"Why, sir, there is every probability that you will soon be able to tax it."

Okay, okay, probably not true :) but the intent is clear. We don't know what our society will be like in 100 years and perhaps discoveries in the LHC will be crucial to how society operates, lives and survives.

But we can't know now what elements of basic research today will become important down the line, very much like Gladstone, who probably saw Electricity as a fascinating parlour trick who may be shocked (pardon the pun) with the ubiquitious use of electricity in the 21st century.

[EDITED TO REMOVE ANYTHING NOT SCIENCE OR NATURE}

So could and should that money not be better spent elsewhere? I personally don't see the immediate point in another LHC. What's wrong with the one they have?
The one built in 2010 had a purpose and a lifetime. The results from that have informed the creation of the next phase and it will have different goals and targets. Like I said right at the start of my initial post, perhaps it is not the best use of funds for research in physics, and perhaps other smaller projects would be better. But still, I think I'd rather have a new CERN than a new Trident missile.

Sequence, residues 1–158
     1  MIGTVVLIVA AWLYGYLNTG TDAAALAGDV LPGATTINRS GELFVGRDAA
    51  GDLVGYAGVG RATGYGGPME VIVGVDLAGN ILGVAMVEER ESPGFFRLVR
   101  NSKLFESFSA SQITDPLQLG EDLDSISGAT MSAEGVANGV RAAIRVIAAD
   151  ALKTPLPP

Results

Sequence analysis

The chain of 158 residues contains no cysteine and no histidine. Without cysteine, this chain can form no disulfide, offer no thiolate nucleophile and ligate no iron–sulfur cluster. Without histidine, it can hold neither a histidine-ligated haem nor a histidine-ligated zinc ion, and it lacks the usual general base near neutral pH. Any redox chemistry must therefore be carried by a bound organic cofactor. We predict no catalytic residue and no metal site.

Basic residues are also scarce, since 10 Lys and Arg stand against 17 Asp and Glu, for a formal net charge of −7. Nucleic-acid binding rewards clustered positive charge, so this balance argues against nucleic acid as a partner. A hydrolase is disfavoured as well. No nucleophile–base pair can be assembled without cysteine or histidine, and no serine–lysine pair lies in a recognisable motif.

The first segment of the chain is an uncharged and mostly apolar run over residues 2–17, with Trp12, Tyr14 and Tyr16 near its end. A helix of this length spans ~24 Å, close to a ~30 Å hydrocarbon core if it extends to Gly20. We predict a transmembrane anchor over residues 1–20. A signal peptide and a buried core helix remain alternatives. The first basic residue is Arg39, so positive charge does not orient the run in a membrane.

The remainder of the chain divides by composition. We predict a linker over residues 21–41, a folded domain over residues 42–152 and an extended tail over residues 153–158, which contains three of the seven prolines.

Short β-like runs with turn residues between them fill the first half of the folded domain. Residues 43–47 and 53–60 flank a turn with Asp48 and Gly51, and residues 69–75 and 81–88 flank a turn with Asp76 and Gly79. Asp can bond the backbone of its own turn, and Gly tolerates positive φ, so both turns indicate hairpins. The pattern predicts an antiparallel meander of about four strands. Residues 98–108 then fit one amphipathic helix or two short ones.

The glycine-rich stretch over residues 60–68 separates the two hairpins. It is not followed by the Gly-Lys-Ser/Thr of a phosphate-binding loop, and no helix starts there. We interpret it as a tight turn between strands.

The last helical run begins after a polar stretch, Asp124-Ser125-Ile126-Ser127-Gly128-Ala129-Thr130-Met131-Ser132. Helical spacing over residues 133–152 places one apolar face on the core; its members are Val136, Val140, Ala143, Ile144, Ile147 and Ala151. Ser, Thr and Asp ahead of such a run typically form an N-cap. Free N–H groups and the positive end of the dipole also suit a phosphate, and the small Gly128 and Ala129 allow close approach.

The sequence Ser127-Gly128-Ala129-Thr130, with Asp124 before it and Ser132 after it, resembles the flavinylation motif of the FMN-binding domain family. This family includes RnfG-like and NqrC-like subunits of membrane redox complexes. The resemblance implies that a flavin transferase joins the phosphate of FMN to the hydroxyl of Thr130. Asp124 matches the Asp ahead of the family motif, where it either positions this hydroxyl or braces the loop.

Trollheart

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I've just had to remove a couple of posts trying to drag this discussion into social issues and social politics, so can I please remind everyone that the Science & Nature board is for discussing science and nature topics, thank you. :)
Sorry man. I just used the new posts and didn't realise what actual subforum this was in. My, as they say, bad.:eek::oops:
 

Brian G Turner

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What I find interesting is that I was very into high-energy particle physics in the early 1990's - that's what I originally wanted to study, but was lacking the maths to do so. However, I haven't really kept up with the subject since, but struggle to understand what I see written about now. I guess the LHC and other colliders changed our understanding of particle physics a lot more than I expected. :)

EDIT: Btw, @Venusian Broon - I presume you edited your own post?
 

RJM Corbet

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Sorry man. I just used the new posts and didn't realise what actual subforum this was in. My, as they say, bad.:eek::oops:
I think in general departments get their budgets. There are: defence, education, science, health, art and so on. No one ever gets enough they always want more.
 
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Ori Vandewalle